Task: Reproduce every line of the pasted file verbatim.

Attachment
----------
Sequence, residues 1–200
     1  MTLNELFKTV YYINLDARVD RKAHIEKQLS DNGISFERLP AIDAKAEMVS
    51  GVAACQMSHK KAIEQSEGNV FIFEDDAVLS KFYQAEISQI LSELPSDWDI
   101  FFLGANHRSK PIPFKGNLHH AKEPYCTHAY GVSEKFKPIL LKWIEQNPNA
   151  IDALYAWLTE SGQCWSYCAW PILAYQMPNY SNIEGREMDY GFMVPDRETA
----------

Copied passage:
Sequence, residues 1–200
     1  MTLNELFKTV YYINLDARVD RKAHIEKQLS DNGISFERLP AIDAKAEMVS
    51  GVAACQMSHK KAIEQSEGNV FIFEDDAVLS KFYQAEISQI LSELPSDWDI
   101  FFLGANHRSK PIPFKGNLHH AKEPYCTHAY GVSEKFKPIL LKWIEQNPNA
   151  IDALYAWLTE SGQCWSYCAW PILAYQMPNY SNIEGREMDY GFMVPDRETA